He also says the media industry is the “worst offender” when it comes to abusing internships.

What seems to distinguish journalism from other professions is that interns are substitutes for what in other sectors would be regarded as functions carried out by mainstream paid employees. The practice in much of the media industry is more akin to treating interns as free labour. The problem with that is self-evident. It is possible only for those who can afford to work for free. It means that others – perhaps with equal or better claims on a career in journalism – are excluded from consideration.

He says all the major political parties “continue to select parliamentary candidates who are disproportionately drawn from better-off backgrounds”.

Of the Coalition Cabinet in May 2010, 59% were educated privately. Some 32% of the final Cabinet under the previous Labour Government were also educated privately. Over recent years, the political parties have made some progress on selecting women and candidates from minority ethnic backgrounds. A similar effort is now needed on their part when it comes to diversifying the socio-economic backgrounds of those they select to be their candidates for MPs.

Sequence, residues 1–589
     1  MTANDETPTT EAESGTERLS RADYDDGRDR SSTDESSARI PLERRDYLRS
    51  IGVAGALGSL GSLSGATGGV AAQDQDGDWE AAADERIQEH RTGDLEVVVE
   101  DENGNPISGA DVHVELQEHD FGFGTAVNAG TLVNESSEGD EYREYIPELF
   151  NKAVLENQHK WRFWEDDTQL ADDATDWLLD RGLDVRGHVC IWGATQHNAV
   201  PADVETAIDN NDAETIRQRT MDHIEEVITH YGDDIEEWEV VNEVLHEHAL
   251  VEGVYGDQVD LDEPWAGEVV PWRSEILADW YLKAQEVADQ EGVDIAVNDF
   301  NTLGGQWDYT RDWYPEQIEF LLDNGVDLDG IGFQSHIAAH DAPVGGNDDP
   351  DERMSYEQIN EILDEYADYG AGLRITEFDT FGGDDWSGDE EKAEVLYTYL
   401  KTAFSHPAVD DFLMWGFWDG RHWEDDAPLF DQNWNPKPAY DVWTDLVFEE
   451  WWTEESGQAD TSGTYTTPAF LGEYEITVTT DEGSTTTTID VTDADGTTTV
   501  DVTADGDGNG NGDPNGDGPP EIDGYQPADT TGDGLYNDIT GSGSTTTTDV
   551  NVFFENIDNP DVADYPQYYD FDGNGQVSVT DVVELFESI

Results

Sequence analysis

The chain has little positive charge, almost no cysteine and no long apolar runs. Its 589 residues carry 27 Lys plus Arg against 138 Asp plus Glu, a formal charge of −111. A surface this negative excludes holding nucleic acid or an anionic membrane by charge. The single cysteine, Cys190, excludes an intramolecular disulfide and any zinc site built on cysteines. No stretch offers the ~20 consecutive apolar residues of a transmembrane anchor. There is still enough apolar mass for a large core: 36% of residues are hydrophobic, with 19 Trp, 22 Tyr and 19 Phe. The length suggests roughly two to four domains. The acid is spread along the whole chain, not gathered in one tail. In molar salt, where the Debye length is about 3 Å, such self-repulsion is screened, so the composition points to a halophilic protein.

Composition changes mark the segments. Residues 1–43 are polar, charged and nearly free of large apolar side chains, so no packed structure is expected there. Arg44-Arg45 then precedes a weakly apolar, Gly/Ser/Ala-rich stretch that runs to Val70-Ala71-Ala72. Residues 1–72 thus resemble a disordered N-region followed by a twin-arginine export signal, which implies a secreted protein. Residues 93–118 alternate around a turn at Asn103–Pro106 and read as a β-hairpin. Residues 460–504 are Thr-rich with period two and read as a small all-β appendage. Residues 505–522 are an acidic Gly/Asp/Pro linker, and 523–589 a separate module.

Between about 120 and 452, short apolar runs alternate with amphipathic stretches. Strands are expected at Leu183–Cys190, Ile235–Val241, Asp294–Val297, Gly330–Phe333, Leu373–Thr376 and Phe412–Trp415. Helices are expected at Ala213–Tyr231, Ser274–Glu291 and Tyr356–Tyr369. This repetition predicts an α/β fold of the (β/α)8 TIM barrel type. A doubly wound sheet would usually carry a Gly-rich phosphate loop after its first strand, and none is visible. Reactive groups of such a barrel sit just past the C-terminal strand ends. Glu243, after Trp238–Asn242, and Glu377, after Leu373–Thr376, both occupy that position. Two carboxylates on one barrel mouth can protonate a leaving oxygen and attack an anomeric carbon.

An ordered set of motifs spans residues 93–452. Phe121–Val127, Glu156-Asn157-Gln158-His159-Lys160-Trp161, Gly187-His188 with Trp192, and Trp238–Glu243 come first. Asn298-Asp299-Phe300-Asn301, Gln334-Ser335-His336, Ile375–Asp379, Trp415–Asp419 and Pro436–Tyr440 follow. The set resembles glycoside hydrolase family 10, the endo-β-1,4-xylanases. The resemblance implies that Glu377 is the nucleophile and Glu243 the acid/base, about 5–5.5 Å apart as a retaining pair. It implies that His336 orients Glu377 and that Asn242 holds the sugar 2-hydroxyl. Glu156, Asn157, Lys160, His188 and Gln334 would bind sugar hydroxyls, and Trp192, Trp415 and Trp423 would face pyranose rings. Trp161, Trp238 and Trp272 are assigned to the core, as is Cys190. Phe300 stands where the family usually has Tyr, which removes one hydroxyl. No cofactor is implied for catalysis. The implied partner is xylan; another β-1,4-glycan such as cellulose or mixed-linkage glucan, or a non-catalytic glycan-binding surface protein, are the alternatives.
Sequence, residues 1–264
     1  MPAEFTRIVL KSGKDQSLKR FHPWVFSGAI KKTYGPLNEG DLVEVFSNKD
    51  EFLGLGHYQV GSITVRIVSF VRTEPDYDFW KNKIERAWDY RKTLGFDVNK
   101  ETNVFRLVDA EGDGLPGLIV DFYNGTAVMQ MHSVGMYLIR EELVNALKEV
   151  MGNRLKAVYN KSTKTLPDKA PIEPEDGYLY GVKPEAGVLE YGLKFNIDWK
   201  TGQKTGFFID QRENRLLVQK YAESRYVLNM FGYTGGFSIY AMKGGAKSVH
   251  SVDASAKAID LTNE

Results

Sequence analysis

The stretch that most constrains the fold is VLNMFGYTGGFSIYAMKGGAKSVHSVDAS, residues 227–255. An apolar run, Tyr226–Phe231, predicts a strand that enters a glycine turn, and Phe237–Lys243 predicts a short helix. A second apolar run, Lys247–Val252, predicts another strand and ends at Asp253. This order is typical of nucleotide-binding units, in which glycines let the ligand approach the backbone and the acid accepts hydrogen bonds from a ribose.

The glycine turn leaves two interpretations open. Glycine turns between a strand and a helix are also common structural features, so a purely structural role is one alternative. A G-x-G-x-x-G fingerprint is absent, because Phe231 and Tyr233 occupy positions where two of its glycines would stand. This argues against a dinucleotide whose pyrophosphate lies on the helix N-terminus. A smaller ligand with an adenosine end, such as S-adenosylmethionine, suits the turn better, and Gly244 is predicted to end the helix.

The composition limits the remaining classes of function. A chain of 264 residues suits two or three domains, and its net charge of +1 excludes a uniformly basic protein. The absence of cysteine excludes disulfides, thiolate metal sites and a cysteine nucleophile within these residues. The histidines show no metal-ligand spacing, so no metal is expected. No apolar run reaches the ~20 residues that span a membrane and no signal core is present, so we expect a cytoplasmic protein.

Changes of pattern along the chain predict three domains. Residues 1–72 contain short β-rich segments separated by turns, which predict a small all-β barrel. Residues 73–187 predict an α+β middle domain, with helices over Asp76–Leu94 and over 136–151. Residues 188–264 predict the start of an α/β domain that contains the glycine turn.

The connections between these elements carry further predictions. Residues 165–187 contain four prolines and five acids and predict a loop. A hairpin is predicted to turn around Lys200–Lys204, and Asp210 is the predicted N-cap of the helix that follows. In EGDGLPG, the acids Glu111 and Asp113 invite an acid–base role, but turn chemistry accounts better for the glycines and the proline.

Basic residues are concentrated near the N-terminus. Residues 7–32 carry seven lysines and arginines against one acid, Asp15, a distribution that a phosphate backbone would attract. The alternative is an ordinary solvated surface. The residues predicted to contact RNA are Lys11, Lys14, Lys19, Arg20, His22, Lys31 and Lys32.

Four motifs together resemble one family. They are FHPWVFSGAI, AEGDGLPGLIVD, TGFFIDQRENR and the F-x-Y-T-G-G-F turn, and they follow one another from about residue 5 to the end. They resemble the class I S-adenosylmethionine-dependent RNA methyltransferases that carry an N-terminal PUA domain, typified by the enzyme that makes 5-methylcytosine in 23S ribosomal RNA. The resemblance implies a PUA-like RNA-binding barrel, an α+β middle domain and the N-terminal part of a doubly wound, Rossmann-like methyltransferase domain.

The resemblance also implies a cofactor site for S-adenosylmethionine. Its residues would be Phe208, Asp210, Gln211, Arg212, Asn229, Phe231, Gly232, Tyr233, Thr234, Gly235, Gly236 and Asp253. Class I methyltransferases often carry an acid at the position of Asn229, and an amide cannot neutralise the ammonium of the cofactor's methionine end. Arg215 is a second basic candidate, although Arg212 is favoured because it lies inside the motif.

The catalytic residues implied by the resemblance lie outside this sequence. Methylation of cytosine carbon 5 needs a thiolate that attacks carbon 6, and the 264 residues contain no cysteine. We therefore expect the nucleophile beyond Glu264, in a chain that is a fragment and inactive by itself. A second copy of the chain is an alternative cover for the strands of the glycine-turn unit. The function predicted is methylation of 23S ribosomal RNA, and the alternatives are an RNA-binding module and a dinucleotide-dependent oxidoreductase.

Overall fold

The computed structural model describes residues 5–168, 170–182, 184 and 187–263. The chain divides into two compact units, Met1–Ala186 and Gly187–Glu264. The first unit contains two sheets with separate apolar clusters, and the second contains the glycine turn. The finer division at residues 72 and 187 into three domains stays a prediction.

He says the civil service has “made progress” in relation to improving access.

In 2009, 45% of senior civil servants were privately educated. Today, of the 200 top civil servants, 27% were privately educated.

He says the legal profession is starting to make “real efforts” to improve access, but that progress is still “too slow”.

In some cases the legal sector is at the forefront of driving activity aimed at changing access to professional jobs, whether this is through co-ordinated outreach programmes or by introducing socio-economic data collection. We commend these efforts and would like to see other professions following suit. There is, however, a lot more that needs to be done. The further up the profession you go, the more socially exclusive it becomes. Even more worryingly, entry to the law – and therefore the lawyers of the future – is still too socially exclusive. Overall, law is on the right track. But its progress is too slow. It needs to significantly accelerate.

He says the government has shown “good intentionality” on the issue of achieving fair access to the professions.

Overall the Government has shown good intentionality when it comes to trying to improve fair access to a professional career, even though it is making more progress in some areas than in others. It needs to be more holistic in its approach and ensure that its efforts are better co-ordinated.

Milburn says the social mobility business compact published by Nick Clegg last year “is to be commended” and he says ministers should publish an annual update on how it is being implemented.

He says that internships should “no longer be treated as part of the informal economy” because of their importance to young people’s career prospects.

The government should find a way of kitemarking quality internships, he says. And there should be transparent and fair selection procedures.

He says he will soon be publishing two more reports, one on access to universities and one about what the government is doing to tackle child poverty and improve social mobility.